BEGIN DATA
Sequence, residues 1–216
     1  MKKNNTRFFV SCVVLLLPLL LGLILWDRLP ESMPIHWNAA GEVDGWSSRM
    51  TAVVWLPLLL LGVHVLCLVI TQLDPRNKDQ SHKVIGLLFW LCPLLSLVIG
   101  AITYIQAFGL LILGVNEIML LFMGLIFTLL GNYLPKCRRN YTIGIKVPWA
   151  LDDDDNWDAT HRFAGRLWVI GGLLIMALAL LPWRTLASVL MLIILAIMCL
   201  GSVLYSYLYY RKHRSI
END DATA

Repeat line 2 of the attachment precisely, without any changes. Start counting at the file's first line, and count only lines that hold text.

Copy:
     1  MKKNNTRFFV SCVVLLLPLL LGLILWDRLP ESMPIHWNAA GEVDGWSSRM